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‘OLD RANGERS’ & DUBIOUS DECISIONS…

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 SEVCO’S biggest chance on Sunday is likely to come from their 12th man, the supporter with the whistle. Ronny Deila talked today about training this week with ten men and he wasn’t joking. The same referee did all he could to keep the score down last time and a few honest mistakes have eliminated Celtic from their last two semi-final visits to Hampden.  When we used to play the ‘Old Rangers’ as Tommy Gemmell called them today on Celtic Quick News, we were used to them benefiting from dubious decisions  or what in recent years have been known as honest mistakes. Who remembers a goal kick to Hearts about to be taken at Tynecastle being turned into a match winning penalty for no apparent reason other than rangers needing a goal?  Hugh Dallas made that decision that ultimately took a championship from Celtic. Such events aren’t rare, they have been happening for over a century. Here Tony Jensen looks back at two games against the old Rangers and highlights a level of cheating that sustained the Govan club, yet the irony is, they still died…

January 1st 1902

Celtic 2  Old Rangers 4

(McMahon, Marshall) (N. Smith, Campbell, Robertson, RCH)

This match was essentially a championship decider. Well, for Celtic anyway. A victory would have made sure of the title and a draw would more than likely lead to a play off. Before 40,000 spectators Celtic gradually drove Old Rangers (copyright Tommy Gemmell April, 2016) into defence, which paid off as McMahon scored.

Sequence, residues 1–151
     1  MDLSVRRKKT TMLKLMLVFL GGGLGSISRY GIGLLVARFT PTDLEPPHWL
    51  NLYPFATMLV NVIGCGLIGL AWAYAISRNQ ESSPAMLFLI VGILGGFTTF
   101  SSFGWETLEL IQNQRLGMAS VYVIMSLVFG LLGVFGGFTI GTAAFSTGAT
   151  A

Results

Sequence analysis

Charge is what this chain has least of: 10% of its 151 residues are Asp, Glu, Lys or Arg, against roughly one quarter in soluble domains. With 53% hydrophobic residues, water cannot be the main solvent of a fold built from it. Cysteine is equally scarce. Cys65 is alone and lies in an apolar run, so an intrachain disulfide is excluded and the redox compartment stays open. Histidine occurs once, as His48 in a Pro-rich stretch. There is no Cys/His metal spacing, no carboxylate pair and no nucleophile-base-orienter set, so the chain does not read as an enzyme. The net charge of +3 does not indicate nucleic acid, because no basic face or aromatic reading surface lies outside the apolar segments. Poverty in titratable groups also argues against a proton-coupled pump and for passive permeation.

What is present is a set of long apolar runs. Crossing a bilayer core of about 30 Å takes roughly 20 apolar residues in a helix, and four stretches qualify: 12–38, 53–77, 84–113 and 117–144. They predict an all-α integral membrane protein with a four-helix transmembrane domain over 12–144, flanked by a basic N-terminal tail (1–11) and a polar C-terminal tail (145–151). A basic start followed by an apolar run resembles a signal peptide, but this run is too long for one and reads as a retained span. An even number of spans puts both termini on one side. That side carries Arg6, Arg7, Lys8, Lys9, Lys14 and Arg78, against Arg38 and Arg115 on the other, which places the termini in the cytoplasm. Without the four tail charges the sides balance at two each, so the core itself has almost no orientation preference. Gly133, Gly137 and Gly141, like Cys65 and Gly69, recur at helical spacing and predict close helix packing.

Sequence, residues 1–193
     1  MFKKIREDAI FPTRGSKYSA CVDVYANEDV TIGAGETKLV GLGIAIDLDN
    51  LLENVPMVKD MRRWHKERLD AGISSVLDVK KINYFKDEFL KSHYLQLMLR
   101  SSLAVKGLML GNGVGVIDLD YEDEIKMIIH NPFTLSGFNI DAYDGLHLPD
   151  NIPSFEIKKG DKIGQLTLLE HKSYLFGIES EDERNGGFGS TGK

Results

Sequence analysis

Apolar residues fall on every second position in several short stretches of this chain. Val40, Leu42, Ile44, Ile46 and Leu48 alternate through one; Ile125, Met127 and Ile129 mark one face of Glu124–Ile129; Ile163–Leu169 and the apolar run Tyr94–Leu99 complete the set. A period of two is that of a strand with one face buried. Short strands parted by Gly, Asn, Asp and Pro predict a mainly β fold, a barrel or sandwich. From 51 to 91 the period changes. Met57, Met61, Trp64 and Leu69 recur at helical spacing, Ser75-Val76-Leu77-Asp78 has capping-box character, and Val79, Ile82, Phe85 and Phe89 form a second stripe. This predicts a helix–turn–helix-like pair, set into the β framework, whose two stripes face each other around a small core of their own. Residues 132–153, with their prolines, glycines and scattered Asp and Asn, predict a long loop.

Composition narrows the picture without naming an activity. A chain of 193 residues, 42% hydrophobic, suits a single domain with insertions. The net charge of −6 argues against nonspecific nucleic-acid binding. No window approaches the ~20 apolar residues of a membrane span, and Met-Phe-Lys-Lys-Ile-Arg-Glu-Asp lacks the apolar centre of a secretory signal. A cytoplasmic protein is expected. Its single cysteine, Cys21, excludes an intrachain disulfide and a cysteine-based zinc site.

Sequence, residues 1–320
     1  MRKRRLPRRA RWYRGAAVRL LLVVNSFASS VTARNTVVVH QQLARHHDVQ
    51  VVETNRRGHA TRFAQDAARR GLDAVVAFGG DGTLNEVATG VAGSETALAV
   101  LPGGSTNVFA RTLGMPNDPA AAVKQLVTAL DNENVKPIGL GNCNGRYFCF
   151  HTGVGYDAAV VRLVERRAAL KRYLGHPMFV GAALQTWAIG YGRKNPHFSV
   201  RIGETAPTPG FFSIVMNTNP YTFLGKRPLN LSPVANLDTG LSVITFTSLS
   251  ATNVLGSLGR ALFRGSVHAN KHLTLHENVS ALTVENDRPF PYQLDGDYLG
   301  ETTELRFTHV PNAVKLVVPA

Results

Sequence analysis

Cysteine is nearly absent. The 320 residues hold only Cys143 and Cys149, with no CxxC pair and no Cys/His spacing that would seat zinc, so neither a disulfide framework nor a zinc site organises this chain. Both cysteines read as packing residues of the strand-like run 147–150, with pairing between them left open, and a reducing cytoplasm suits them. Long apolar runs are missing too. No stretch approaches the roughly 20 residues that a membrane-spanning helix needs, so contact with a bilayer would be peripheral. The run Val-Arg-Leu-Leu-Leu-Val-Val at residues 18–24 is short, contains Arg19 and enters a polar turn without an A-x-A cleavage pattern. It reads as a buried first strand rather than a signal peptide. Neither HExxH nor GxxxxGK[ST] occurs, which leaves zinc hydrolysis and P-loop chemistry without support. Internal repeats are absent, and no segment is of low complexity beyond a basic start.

A good deal of rough play and ill-feeling crept into the game and Mr Nisbet of Cowdenbeath called the players together and lectured them in regard to it. Shortly before half time, Old Rangers equalised, Hamilton deflecting a shot by Smith. On resuming, the match developed into one of rough and tumble. Nicol Smith then scored for Old Rangers from a free kick. However, the goal should not have stood. It appears that this was an indirect free-kick i.e. one from which the taker cannot score without first another player touching the ball.

The ball was sent towards McFarlane in the Celtic goal, and there was a dash for it by a crowd of players. Then the ball was seen in the net, but the Celtic players vigorously protested that it had not touched anyone on the way. Referee Nisbet thought otherwise and awarded a goal, which occasioned a storm of protest.

Five minutes after the interval Hamilton pushed the ball through to Campbell who went on to score. Celtic claimed that Campbell had handled but the referee differed again. Several of the Celtic players surrounded the referee whereupon McMahon attempted to trip him. McMahon was ordered off the field. And so Sandy McMahon of Celtic has the dubious distinction of being the first player to be ordered off in a Celtic v Old Rangers match.

It appeared as though the Celts were going to leave the field but their veteran forward took the ball, placed it on the spot and prepared to take kick off. Shortly after resuming Robertson scored a third for Old Rangers following a corner kick. Twenty minutes from time, Marshall scored for Celtic who were desperately trying to equalise when Hamilton had the ball sent up to him and scored a fourth goal. The Celtic players hotly disputed this goal on the grounds of offside.